We trusted party “brands,” not people, and it has done far more than bite us on the ass now and for decades. It may very well undo the country entirely.
Objections to the bank bailout were ignored by the press and the public for the most part. A partisan spin was put on it eventually, thus misdirecting legitimate anger about the inequities of the recovery into a culture war issue, not the class war issue that it actually was. Occupy Wall Street came and went, largely ridiculed by the media, Republicans and Democrats. Meanwhile, the Tea Party movement erupted and grew into a major political force. Democrats ridiculed them, too, but Republicans have mostly used them to reclaim the mantle of “the party of the people.” Not that they’ve done anything to help working people; they’ve merely put on the disguise of populists and said populist things to get elected. They then promptly resume their efforts to destroyed and diminish the government so that they can, per Grover Norquist, “drown it in a bathtub.”
Obama furthermore did more to help corporations than to help actual people when his administration quickly discarded the “public option” during the healthcare reform debates. Despite the majority of the public favoring the idea, Obama’s administration pushed a Republican idea that would greatly benefit insurance companies. See how this keeps happening? Democratic presidents passing laws that put corporate profits over the public welfare. You have to give credit to the Republicans for bitching so incessantly and vehemently against the Affordable Care Act, when it really is the very answer they would have proposed themselves if pushed.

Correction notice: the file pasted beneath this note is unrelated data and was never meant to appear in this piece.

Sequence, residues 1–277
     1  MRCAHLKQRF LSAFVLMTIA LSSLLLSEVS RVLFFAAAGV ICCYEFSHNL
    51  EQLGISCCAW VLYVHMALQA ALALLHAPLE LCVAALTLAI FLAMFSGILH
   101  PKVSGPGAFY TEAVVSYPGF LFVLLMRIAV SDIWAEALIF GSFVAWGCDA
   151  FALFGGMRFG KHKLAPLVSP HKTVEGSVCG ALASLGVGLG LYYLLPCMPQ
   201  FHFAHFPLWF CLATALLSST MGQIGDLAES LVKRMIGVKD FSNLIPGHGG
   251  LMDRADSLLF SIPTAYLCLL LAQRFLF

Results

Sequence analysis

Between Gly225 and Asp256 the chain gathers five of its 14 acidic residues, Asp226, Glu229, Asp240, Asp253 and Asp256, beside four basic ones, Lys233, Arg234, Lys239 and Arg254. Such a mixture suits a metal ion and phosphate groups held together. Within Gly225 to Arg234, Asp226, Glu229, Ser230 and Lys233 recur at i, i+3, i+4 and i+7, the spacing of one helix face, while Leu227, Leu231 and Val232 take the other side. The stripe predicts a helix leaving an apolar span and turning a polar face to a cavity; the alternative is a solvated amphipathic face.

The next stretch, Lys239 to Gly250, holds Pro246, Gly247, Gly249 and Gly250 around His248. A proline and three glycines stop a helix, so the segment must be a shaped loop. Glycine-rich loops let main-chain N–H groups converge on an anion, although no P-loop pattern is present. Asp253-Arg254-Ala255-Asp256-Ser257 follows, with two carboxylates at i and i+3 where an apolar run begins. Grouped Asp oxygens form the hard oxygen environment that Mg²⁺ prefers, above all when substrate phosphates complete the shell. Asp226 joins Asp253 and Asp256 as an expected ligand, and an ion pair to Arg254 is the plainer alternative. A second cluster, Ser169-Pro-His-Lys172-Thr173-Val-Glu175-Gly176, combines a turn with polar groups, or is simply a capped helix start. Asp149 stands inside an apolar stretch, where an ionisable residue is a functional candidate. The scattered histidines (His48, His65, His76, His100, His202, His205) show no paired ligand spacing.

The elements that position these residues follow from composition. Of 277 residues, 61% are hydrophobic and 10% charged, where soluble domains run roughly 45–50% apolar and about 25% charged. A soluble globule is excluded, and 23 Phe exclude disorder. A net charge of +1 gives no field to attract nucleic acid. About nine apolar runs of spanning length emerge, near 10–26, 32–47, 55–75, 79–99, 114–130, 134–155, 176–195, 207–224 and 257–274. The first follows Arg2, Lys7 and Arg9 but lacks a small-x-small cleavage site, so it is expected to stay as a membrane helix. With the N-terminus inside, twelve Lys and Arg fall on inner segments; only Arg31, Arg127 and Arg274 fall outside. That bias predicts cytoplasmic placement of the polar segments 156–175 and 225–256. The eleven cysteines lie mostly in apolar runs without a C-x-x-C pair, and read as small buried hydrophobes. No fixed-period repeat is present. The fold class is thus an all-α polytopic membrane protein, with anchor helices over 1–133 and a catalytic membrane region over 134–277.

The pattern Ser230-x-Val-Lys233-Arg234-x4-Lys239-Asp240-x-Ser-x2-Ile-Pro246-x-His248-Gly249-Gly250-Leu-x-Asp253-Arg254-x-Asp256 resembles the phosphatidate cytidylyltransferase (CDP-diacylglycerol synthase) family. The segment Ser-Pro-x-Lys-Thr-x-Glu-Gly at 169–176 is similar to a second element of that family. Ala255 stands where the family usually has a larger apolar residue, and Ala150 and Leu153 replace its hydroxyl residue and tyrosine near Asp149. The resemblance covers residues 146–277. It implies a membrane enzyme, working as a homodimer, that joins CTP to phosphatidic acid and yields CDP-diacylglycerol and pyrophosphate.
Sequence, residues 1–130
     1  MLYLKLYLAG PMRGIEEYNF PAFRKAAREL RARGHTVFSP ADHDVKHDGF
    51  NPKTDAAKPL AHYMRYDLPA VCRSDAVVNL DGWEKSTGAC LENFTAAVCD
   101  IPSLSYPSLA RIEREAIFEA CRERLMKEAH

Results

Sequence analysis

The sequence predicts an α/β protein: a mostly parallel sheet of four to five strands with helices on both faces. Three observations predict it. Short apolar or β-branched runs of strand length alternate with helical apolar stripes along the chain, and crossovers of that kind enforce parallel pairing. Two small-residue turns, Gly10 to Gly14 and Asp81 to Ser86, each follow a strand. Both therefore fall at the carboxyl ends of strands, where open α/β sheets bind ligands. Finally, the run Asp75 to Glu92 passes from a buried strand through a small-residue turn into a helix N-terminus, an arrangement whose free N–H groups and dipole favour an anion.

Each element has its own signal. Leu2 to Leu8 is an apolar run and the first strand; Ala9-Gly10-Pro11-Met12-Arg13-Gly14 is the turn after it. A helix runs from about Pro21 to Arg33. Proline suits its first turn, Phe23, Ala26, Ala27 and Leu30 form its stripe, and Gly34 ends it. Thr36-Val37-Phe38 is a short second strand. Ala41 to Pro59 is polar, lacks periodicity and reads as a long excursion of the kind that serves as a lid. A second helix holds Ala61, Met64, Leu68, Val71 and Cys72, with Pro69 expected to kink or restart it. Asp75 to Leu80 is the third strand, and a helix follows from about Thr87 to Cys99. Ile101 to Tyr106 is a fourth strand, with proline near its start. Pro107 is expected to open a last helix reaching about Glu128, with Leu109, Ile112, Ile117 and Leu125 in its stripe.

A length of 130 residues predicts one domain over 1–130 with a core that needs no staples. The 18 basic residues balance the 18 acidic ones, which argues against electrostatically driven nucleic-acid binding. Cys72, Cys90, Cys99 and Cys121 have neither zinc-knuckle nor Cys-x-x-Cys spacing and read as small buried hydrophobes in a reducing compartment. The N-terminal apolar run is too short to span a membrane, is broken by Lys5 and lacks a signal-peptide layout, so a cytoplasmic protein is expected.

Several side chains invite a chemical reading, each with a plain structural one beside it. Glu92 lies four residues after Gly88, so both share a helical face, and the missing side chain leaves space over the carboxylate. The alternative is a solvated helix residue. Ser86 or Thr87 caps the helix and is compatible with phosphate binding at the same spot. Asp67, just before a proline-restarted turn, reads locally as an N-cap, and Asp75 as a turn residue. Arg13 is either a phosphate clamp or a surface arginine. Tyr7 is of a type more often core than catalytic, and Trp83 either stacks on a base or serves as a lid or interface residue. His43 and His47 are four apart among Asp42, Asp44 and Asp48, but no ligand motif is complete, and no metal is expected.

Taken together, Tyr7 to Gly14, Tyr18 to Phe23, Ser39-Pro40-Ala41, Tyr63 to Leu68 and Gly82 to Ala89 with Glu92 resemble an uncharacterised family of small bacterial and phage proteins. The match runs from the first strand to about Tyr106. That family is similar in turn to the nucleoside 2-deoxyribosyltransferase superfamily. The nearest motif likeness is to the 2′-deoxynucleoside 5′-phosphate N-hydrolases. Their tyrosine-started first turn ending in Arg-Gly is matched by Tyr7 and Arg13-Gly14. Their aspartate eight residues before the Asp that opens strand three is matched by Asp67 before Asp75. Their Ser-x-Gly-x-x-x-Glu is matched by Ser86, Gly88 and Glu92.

It’s all an illusion, folks. All made possible by those of us who took our quality of life and the integrity of government officials for granted. We trusted party “brands,” not people, and it has done far more than bite us on the ass now and for decades. It may very well undo the country entirely.
So, turn off the auto-pilot. Pay close attention. Don’t surrender. Don’t ignore the events of the day because they make you sad or tired or whatever. The country is in a steep descent, and we’ve got to find a way to stop it. In the meantime, the patience of Job will be required. Find your inner Martin Luther King, your Gandhi, your Lincoln, your Frederick Douglas, your Susan B. Anthony, your Mother Theresa. Whoever and whatever gives you hope and the will to fight, you need to grab hold of it and never let go.